Robert Rodriguez once did something similar in the 1990s. He took a popular genre such as the Western, took elements of the local culture in, threw some mariachis in — and lots of love and passion — and there it was, a Western with a musical twist where the hero had to be equally good with guns and guitars.

Gone are the days of Classical film noir, where the dark side of man — greed, lust, hate, envy etc — was celebrated in frames that preferred the blacks within the old black-and-white palette. The likes of the Coens and Quentin Tarantino reinvented the noir genre in the 1990s with a complete postmodern approach, borrowing only the basics of the genre — the triumph of the dark side, the femme fatale who draws the protagonist into a web of deceit, the betrayals, the double crosses and the Mexican stand-offs — and turned these elements into a shameless celebration of cinema with references, homage and cheeky tributes to all their pop culture influences. Film critics called this neo noir. The films still explored the dark side of man through their deadly protagonists looking for redemption in a world of sin.

With Ishqiya, Abhishek Chaubey did something really cool. He gave neo noir a desi spin by completely subverting it. If noir was about the presence of evil lurking in every man, Chaubey turned that on its head to give us a film about the goodness lurking in every conniving crook. Because in rural, small town India, even the bad guys have a heart. The ‘Dil’ (heart) is the driver, the money is just the means to keep the heart happy. This is a country where love is more dangerous than hate. Because Ishq can get you killed.

If Ishqiya nailed this much, Dedh Ishqiya perfects the form and makes it classier. Abhishek Chaubey, along with his co-writer Vishal Bhardwaj and lyricist Gulzar, endows this world with the richness of Sufi poetry and Urdu literature without ever letting the elitist high arts get in the way of the populist low brow elements off the streets. Dedh Ishqiya is that rare kind of film that borrows from the Westerns, as much as it does from Indian cinema (more Sholay references) and even Urdu literature. It’s a curious mix — the best of the West and the East, the old and the new, the classy and the cheap — done seamlessly and effortlessly. It is indulgent and opulent, but you can still smell the soil. It is as good with the gun as it is with the ghazal. Action, Romance, Dance, Poetry... wah, wah!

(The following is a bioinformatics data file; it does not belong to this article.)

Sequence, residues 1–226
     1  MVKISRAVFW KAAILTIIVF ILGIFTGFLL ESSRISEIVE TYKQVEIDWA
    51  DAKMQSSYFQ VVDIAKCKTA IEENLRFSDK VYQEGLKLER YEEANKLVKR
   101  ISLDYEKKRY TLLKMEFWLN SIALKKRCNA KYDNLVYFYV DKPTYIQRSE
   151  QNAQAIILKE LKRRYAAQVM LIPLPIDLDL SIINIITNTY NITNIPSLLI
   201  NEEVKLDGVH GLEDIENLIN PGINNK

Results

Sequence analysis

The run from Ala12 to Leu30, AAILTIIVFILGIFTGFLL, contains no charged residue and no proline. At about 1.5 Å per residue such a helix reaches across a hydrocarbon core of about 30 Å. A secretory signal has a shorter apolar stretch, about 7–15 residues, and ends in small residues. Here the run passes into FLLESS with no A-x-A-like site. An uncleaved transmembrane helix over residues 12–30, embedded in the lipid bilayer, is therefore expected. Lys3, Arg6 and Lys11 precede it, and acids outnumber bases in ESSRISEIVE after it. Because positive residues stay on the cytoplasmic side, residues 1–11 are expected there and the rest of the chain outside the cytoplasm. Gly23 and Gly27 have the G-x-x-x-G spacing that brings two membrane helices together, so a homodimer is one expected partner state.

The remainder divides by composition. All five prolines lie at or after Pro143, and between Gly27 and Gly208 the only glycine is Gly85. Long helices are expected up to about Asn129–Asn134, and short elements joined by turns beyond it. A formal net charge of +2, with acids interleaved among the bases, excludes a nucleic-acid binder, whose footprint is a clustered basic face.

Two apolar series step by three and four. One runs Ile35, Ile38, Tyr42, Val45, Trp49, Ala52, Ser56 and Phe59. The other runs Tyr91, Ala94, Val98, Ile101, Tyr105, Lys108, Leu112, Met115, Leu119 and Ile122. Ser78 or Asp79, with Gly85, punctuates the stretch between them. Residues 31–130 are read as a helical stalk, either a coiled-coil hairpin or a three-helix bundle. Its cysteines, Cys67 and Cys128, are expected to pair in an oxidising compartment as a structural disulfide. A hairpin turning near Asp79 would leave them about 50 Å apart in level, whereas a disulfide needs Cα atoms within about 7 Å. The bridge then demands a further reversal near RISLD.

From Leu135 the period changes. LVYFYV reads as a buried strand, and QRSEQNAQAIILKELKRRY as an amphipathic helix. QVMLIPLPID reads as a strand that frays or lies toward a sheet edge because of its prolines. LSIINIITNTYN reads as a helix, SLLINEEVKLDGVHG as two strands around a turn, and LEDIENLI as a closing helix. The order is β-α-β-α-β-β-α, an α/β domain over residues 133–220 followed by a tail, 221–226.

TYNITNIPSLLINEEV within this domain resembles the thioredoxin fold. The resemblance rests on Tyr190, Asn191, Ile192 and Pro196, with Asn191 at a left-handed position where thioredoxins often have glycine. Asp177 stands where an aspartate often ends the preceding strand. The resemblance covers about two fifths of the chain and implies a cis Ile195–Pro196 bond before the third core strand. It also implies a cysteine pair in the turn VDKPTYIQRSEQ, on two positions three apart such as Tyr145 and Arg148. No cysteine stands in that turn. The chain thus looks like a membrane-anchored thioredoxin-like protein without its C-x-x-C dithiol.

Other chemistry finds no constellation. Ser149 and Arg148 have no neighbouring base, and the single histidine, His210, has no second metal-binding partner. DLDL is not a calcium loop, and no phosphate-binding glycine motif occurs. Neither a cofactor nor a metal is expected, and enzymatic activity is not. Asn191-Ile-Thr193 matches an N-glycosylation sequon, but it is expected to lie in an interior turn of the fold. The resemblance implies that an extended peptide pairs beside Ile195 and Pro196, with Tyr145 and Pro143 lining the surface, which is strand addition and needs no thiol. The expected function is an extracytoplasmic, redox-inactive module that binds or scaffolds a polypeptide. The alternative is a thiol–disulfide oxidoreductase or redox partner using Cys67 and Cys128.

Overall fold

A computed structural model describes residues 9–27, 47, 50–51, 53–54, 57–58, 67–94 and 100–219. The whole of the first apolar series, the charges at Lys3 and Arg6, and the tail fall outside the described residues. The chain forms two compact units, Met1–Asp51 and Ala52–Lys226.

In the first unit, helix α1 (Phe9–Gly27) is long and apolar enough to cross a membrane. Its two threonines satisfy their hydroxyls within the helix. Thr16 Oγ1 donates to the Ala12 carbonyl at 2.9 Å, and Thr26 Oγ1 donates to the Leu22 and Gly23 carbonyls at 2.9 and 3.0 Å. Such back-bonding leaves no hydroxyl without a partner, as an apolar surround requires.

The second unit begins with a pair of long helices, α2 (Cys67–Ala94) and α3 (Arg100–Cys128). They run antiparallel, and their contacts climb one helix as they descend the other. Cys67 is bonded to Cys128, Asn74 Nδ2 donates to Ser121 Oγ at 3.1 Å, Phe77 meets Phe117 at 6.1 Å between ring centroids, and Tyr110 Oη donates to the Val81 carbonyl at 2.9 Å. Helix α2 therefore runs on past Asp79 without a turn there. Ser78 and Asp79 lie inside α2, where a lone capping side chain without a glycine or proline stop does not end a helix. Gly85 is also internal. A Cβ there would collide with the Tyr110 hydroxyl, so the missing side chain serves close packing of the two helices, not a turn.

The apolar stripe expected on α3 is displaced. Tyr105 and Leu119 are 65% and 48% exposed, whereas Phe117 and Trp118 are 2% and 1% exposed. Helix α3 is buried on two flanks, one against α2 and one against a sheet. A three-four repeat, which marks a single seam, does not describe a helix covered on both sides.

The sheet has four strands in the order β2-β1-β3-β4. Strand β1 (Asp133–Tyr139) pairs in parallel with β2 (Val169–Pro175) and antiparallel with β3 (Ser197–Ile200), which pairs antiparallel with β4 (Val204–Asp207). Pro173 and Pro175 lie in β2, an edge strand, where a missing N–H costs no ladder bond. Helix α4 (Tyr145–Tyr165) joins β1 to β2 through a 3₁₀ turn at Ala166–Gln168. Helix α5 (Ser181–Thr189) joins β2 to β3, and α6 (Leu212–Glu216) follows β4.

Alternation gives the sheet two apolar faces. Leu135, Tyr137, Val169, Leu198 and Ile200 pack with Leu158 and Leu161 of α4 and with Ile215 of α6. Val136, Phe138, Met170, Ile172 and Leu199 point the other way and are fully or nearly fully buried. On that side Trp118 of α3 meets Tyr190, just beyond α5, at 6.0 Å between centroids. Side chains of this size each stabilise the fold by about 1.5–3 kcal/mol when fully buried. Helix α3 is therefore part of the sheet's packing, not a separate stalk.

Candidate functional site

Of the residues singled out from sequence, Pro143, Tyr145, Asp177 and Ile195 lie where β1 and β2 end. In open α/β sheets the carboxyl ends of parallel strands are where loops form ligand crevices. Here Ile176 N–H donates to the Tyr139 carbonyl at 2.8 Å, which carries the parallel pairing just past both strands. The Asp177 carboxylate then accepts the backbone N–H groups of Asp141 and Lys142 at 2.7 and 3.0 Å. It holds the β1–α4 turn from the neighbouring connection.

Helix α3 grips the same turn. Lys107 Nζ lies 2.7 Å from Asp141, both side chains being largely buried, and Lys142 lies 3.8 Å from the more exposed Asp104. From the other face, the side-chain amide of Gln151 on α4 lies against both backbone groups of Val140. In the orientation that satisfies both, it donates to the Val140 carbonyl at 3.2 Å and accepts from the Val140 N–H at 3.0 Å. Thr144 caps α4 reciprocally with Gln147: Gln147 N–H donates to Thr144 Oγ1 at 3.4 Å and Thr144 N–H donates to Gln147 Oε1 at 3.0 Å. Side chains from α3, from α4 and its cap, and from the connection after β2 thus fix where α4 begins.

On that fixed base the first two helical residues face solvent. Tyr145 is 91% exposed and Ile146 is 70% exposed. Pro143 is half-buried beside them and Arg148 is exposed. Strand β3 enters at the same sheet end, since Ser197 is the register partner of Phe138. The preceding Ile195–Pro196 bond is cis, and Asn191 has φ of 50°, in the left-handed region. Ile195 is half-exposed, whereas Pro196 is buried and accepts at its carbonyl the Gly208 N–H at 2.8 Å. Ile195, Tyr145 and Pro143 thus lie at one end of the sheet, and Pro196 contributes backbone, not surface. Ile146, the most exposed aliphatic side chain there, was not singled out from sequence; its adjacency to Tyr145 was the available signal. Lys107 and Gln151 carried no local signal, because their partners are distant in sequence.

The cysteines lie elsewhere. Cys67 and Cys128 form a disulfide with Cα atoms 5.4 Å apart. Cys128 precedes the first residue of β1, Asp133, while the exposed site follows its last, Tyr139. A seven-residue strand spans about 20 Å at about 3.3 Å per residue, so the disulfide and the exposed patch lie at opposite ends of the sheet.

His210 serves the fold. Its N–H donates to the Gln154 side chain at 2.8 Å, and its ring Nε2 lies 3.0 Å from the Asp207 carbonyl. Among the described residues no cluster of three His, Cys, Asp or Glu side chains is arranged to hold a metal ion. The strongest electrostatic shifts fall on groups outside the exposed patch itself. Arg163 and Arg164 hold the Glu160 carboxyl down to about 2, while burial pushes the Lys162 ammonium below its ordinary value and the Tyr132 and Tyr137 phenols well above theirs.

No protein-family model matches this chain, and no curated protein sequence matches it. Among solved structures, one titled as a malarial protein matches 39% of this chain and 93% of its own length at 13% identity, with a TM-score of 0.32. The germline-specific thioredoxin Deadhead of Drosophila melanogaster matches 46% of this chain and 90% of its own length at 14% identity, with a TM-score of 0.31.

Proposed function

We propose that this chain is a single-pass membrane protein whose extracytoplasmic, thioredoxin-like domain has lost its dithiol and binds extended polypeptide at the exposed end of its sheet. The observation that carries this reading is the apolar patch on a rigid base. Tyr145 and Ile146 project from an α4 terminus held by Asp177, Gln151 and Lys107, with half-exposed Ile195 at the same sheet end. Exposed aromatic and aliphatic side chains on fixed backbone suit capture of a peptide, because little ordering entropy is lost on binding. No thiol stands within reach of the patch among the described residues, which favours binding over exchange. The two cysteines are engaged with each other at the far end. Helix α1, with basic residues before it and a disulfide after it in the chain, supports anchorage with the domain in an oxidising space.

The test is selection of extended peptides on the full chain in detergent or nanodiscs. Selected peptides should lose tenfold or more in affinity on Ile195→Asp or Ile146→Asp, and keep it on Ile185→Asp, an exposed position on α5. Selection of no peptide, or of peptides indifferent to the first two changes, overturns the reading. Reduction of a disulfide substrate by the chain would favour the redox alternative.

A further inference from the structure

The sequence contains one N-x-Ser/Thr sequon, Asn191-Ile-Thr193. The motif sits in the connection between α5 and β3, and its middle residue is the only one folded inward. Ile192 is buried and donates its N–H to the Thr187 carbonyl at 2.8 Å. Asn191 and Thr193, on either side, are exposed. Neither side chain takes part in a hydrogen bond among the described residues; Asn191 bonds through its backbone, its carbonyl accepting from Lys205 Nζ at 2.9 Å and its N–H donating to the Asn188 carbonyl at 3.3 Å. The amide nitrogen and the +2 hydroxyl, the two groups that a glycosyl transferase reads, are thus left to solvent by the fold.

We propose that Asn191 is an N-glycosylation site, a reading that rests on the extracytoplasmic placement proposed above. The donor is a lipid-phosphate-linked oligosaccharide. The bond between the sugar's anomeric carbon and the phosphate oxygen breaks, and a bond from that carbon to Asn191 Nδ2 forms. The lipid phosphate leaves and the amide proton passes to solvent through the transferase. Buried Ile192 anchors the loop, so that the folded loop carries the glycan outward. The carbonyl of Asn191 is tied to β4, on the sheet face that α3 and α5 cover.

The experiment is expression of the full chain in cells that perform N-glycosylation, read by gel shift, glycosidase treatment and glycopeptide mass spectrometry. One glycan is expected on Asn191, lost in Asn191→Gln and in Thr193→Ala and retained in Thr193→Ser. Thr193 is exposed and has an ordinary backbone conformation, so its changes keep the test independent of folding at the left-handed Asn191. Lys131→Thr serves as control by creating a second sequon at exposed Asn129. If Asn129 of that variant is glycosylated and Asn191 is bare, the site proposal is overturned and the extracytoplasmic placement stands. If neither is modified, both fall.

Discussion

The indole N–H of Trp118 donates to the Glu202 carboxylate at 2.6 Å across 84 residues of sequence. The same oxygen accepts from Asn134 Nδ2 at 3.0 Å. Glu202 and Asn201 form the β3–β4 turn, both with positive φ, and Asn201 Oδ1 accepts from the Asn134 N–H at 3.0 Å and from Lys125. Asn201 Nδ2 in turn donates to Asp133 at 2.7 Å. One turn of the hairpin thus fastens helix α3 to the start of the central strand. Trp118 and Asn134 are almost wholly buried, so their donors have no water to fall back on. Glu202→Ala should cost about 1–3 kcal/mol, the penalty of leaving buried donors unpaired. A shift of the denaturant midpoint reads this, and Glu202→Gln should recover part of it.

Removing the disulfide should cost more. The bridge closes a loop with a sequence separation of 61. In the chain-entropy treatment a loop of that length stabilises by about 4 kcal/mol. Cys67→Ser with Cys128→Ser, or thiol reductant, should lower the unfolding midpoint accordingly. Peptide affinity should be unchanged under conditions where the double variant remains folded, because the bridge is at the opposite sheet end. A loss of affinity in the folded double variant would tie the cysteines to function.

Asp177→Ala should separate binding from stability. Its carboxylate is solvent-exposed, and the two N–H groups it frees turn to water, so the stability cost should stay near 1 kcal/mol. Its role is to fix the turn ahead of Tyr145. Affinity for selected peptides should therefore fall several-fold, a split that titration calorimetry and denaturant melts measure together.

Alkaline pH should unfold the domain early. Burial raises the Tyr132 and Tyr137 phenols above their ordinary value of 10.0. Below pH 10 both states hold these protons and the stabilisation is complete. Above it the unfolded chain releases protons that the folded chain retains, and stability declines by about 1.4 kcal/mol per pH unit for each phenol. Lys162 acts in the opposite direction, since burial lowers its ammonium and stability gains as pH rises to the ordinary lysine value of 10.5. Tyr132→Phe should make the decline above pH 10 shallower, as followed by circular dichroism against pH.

Babban and Khalu are back (Arshad and Naseeruddin make such a fine pair once again) for another adventure with their dil, the ‘Bachcha’ that gets them into trouble, yet again. Just like the first part, nothing is what it seems like, especially not the women. Madhuri Dixit and Huma Qureshi soak in the rare amount of class Bollywood actresses are bestowed with and emerge as the finest feminist heroines of our times. Saying anything more might be a spoiler but read between the lines and you will see the winks at the Censors and the morality imposed upon us even today by the custodians of culture.

This is a modern trip into the old world; and the timeless charm is best experienced with mobiles off and watches forgotten.

It may not be the finest film, coming just 10 days into the new year, but Dedh Ishqiya sure sets the bar high.

Dedh Ishqiya

Genre: Neo Noir

Director: Abhishek Chaubey

Cast: Naseeruddin Shah, Madhuri Dixit, Arshad Warsi, Huma Qureshi, Vijay Raaz

Storyline: The two crooks are back in another little Indian town to steal what they can but life has other plans for them

Bottomline: The desi neo noir genre comes of age, Dedh times as deadly